Spam Poem

NaPoWiMo - Day 26 - As for today’s prompt, well, Tooth For Truth has reminded me of the fervent and wonderful world of spam-poems. All those horrible emails you get asking whether you would be interested in the enlargement of various parts of your body? Well, they are primordial lingual soups, just waiting for you to extract a carbon here, an adjective there, and create poems.

Dear Sisters in Christ,

Mrs. Sussan Rodaine and Mrs. Rose Manase,
I am in receipt of your personal e-mails
and I send my condolences
upon the deaths of your respective and reputable husbands,
your recent diagnoses of terminal illnesses,
and for your dilemmas regarding
the large sums of money you have on deposit in the
reputable banks referred to in your correspondence.
I must however respectfully decline further contact with you
and the possibility of gaining unimaginable wealth because
as stated in your e-mail
The Bible made us to understand that
blessed is the hand that giveth”.
I wish also to be a giving hand.
This is to inform you that by separate e-mail, on the same day
I received your correspondence, I also received
and email that Ivanka Trump Has A Baby Bump
I am attaching that e-mail to this correspondence
and encourage you to contact Mrs. Trump
in the belief that she will be most benefited
by your generous offers.

Riddle Poem

NaPoWiMo - Day 25 - Today’s prompt – do a riddle poem.  One in which you write from the point of view of an object or person (or about an object and person), and the poem itself forms a giant riddle.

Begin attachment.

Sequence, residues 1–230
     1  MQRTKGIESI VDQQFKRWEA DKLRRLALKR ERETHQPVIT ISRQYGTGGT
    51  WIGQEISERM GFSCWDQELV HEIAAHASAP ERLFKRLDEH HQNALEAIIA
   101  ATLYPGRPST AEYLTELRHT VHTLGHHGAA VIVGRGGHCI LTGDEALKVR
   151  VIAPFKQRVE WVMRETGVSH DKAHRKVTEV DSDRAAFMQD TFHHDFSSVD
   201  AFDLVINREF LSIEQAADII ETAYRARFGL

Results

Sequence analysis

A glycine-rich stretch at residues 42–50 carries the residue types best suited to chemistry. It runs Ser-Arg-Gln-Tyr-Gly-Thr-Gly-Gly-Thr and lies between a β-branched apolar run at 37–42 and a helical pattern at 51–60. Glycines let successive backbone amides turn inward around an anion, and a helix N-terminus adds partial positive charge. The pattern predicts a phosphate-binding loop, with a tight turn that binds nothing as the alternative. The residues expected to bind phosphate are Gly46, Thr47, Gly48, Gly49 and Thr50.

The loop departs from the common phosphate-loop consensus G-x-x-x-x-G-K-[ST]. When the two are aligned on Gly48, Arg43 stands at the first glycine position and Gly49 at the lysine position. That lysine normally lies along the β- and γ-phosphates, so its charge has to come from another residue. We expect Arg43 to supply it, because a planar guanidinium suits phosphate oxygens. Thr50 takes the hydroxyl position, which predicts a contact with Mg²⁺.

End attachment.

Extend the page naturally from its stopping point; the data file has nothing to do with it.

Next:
This is a riddle
with a bolt in the middle.
Two pieces secured,
I make many things blurred.
X marks the spot
so follow the dots
as dolls join together
maybe birds of a feather
will lift from the page
or give voice to your rage.

Answer - Scissors

Twenty-eight Years of The Good Life

NaPoWiMo - Day 24 - Today, I challenge you to write an autobiographical poem. This can be just a sketch of an event that happened to you, or you can write one line for every year of your life, with each year sort of reflecting that year in its theme, mood, etc., or you can try writing one stanza for each decade of your life (without worrying about whether you have exactly ten lines per stanza, or matching each line to a particular year). There are as many ways of going about this as there are of you (so, somewhat above 600).

Twenty-eight Years of The Good Life

1962:  Received my only "F", sophomore chemistry’
            Nelson Mandela was imprisoned for his belief in personal freedom;

1964:  Graduated from high school
            began college, with ideals of helping man achieve a better life;

1966: Left school to become a wife (under the threat of suicide);
            learned to fight;

1968:  Erased the fear of labor, became a mother, 7lb. 12oz. dark haired daughter;

1970:  Moved to a dead West Virginia coal town - lost a son on Valentine's Day - listened to midnight radio;

1972:  Mother again, 7lb. 6oz. daughter with red hair, born in the mountains of Maryland - lived for one month in an apartment with two children and no furniture;

1974:  Back in West Virginia, Mother one last time 2lb. 3oz. son with dark body hair - four months of round-trips to the university hospital - this one lived.

1975:  Divorced - got the kids, $33,000.00 in debts, one rocking chair, a car which broke in three weeks and the washer and dryer.

1976:  Started dancing again - sheltered frightened women and children;

1976:  Purchased a house - first child began junior high school - learned about clogged drains;

1983:  Lost one ovary and my appendix - second child began junior high - learned to water ski;

1986:  Became a grandmother in August - dark haired, dark skinned 6lb. 13oz. girl - bought a brand new car;

1989:  Became a wife again - one child and one grandchild left home - memorized the poems of Lucille Clifton;

1990:  Second first wedding anniversary - the redhead will graduate from high school - Nelson Mandela was released from prison.

Earth Breeze